‘Just trying to keep it together’: Springfield nurses frustrated as COVID-19 surges – News-Leader

Dr. Fauci talks to News-leader about vaccines, COVID cases in Missouri

Dr. Anthony Fauci spoke with News-Leader reporter Galen Bacharier on July 15, 2021 about vaccinations and the spread of COVID-19 in Missouri.

Galen Bacharier, Springfield News-Leader

Jessica Hillger gave herself 30 seconds to cry.

A 40-something woman under Hillger's care at Cox South Hospital in Springfield had gone from feeling under the weather to not being able to breathe on her own in just a few days. And it was Hillger's duty to inform thewoman's husband that his wife might not survive her bout with the Delta variant of COVID-19.

"Im one of the more experienced nurses, so I have to kind of get my crap together and get back out there," Hillger said."Thats kind of the mentality you have to have."

For Hillger and the hundreds of other travel nurses who have come to Springfield to help care for patients suffering from COVID-19, there is little time to stop and grieve.

The number of people hospitalized with COVID-19 in Springfield has gone from a couple dozen at the end of the spring to nearly 300 on Friday.

Hospital leaders say those hospitalized this summer are generally younger and sicker than the people most affected by COVID-19 during the previous peak this winter. And almost all of the folks hospitalized in Springfieldare unvaccinated.

The eyes of the nation have been on southwest Missouri in recent weeks as the aggressive and highly contagious Delta variant sinks its teeth into a population with vaccination rates well below the national average.

Dr. Anthony Fauci, chief medical advisor to the president and director of the National Institute of Allergy and Infectious Diseases, told the News-Leader the COVID-19 vaccines have proven to be effective against the Delta variant, but the virus could continue to mutate if more people don't get vaccinated.

More: Fauci says Missouri's COVID-19 fight is predictable 'like the sun coming up' but can be curbed

Hillger has been working at Cox for almost a year. This past winter, when COVID-19 cases increased, she remembers how the staff banded together. News that vaccines would soon be widely available served as the light at the end of the tunnel.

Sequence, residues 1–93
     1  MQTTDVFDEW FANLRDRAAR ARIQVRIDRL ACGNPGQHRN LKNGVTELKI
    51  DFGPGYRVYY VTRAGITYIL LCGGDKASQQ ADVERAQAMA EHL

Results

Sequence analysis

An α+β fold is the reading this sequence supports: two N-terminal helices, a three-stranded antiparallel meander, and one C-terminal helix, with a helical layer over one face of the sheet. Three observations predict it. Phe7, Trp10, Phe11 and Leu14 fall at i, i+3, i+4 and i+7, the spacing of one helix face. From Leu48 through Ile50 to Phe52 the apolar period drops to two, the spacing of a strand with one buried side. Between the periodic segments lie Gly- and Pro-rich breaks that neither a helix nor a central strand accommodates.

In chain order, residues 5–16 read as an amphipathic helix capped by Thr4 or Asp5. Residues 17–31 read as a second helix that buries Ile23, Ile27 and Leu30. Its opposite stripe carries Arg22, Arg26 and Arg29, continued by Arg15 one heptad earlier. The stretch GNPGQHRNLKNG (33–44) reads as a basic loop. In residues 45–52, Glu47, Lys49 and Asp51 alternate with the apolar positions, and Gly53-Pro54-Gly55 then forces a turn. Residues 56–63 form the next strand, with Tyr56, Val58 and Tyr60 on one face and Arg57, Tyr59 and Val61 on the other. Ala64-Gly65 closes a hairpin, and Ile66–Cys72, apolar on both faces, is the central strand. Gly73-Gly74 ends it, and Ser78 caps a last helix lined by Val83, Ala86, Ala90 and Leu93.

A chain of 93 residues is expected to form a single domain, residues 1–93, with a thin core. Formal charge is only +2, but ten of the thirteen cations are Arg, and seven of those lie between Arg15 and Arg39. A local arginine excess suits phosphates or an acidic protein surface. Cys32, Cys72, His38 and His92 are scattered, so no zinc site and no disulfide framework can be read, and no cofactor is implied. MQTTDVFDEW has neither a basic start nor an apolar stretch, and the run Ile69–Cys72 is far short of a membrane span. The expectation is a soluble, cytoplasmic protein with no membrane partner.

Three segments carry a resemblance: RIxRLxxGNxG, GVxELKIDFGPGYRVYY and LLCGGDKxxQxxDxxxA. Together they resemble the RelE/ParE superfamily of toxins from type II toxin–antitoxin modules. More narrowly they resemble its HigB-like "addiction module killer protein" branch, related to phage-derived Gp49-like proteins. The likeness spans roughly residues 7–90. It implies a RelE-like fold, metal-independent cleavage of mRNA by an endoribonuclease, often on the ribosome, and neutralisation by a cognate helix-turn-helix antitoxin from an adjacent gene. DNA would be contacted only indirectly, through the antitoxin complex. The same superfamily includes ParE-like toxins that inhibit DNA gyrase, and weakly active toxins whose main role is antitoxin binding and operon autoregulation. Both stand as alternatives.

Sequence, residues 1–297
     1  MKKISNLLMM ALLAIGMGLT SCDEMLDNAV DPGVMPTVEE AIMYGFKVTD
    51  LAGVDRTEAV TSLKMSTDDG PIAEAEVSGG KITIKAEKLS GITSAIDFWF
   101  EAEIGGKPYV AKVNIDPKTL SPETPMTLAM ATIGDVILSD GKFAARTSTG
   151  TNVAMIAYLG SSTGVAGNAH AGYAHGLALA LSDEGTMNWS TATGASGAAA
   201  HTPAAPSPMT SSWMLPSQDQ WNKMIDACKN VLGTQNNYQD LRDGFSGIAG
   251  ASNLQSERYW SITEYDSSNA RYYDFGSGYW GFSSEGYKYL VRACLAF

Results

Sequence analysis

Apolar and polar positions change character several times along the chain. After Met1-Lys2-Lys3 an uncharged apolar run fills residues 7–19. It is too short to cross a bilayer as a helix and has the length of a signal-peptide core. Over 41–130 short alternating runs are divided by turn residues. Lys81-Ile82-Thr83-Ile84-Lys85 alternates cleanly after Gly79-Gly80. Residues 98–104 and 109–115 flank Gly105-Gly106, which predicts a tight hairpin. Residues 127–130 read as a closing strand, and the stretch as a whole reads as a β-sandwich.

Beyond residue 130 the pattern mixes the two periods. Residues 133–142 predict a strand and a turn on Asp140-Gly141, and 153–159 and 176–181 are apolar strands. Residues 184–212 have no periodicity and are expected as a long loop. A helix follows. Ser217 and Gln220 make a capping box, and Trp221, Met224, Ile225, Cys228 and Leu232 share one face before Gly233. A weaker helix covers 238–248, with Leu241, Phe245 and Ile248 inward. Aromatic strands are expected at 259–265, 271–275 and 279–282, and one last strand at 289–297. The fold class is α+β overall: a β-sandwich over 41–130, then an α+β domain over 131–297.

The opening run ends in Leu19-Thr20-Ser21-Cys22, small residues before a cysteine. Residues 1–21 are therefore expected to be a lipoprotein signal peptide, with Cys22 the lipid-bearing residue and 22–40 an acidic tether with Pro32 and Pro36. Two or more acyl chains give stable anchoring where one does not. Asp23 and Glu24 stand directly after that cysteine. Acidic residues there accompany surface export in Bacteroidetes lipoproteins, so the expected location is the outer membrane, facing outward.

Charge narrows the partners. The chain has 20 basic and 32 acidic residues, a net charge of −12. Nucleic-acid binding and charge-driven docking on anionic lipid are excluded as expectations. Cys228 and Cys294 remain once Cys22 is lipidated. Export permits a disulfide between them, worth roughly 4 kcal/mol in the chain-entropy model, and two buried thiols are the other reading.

But now, with vaccination opportunities abundant, Hillger said the nurses, doctors and respiratory therapists at Cox have grown weary of treating patients who for whatever reasonhave chosen to not be vaccinated.

"I think that everybody is just trying to keep it together," Hillger said.

"You can just tell everybodys souls are just getting heavy," she later added.

Hillger said she appreciated the management at Cox for choosing to divert some patients to other hospitals in the state so that caseloads have not gotten out of control.

On Wednesday,the Springfield-Greene County Health Department, the Greene County Office of Emergency Management, CoxHealth and Mercy requested state-level funding to establishan "alternate care site" for COVID-19 patients to help ease the strain on the hospitals.

More: Health leaders ask for funding to set up 'alternate care site' as hospitals strain under new COVID-19 infections

The Springfield-Greene County Health Departmentoffered some hope on Thursday as they announced that4,371 vaccines had been given to county residents in the last sevendays (the highest weekly count since May) and that40 percentof Greene County residents 12 and older havebeen fully vaccinated against COVID-19.

Hillger hopes to see that trend continue because she istired of hearing patients in need of critical care tell her they wish they would have been vaccinated.

"I just wish that people could understand that," she said.

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'Just trying to keep it together': Springfield nurses frustrated as COVID-19 surges - News-Leader

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